SS is not a curable or preventable disease at present, and whether it can be prevented or delayed is unknown. Treatment is generally symptomatic and supportive. For xerostomia and xerophthalmia, artificial lubricants are commonly used as saliva or tear substitutes (Baudouin, C. et al. (2004) Rev Med Interne. 25 (5):376-82). In recent years, salivary stimulants, such as pilocarpine and cevimeline, have been approved by the FDA to treat xerostomia (Fox, R. I. (2003) Expert Opin lnvestig Drugs. 12 (2):247-54); Cassolato, S. F. and Turnbull, R. S. (2003) Gerodontology. 20 (2):64-77; Porter, S. R. et al. (2004) Oral Surg Oral Med Oral Pathol Oral Radiol Endod. 97 (1):28-46). In addition, oral administration of interferon γ (IFN-γ) was effective in improving saliva production in patients with primary SS (Khurshudian, A. V. (2003) Oral Surg Oral Med Oral Pathol Oral Radiol Endod. 95 (1):38-44). However, long-term adverse effects have not been evaluated for these therapies.
 Thus, there is a need for additional compositions and methods for preventing and treating autoimmune diseases or symptoms associated with such diseases.
 Aspects of the disclosure generally provide green tea polyphenol compositions and methods of their use, for example in decreasing autoantigen expression in a host or cell. In particular, it has been discovered that (-)-epigallocatechin-3-gallate modulates expression of autoantigens. Downregulation of autoantigens using the disclosed green tea polyphenol compositions can be used to treat autoimmune diseases or symptoms associated with autoimmune diseases. Increasing expression of autoantigens can be used to assist in the purification and isolation of autoantigens, for example to generate antibodies that can be used as diagnostics.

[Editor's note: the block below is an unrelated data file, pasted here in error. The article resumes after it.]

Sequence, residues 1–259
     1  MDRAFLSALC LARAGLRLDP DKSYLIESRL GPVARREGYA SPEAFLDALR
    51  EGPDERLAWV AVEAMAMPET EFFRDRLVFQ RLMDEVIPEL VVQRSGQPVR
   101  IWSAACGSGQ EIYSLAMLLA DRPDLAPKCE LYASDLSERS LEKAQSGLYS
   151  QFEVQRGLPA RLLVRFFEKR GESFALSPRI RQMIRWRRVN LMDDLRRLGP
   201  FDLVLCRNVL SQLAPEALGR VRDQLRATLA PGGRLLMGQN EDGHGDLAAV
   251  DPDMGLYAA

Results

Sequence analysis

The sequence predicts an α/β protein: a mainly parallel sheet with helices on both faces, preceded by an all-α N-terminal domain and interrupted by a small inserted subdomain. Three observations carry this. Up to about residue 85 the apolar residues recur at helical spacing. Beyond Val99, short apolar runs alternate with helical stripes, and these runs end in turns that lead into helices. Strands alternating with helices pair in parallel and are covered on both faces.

One aspect of the disclosure provides a method for decreasing autoantigen expression in a cell by contacting the cell with a composition having one or more green tea polyphenols. The cell contacted with the one or more green tea polyphenols shows a decreased level of autoantigen expression relative to a control. In certain aspects, the green tea polyphenol is (-)-epigallocatechin-3-gallate, a pharmaceutically acceptable salt or prodrug thereof. Representative autoantigens include those listed in Table 1, for example SS-A, SS-B, fodrin, centromere protein, golgin-67, coilin, and PARP. In other aspects, the composition further includes one or more green tea polyphenols such as (-)-epicatechin, (-)-epigallocatechin, (-)- epicatechin-3-gallate, proanthocyanidins, enantiomers thereof, epimers thereof, isomers thereof, combinations thereof, and prodrugs thereof. It will be appreciated that the disclosed methods and compositions can be used to modulate, in particular reduce the expression of at least two autoantigens relative to a control.
 Another aspect provides a method for modulating autoantigen gene expression by administering to a host one or more green tea polyphenols in an amount effective to reduce or increase expression of an autoantigen gene compared to a control. Reduced expression of the autoantigen gene can occur at the transcriptional or translational level.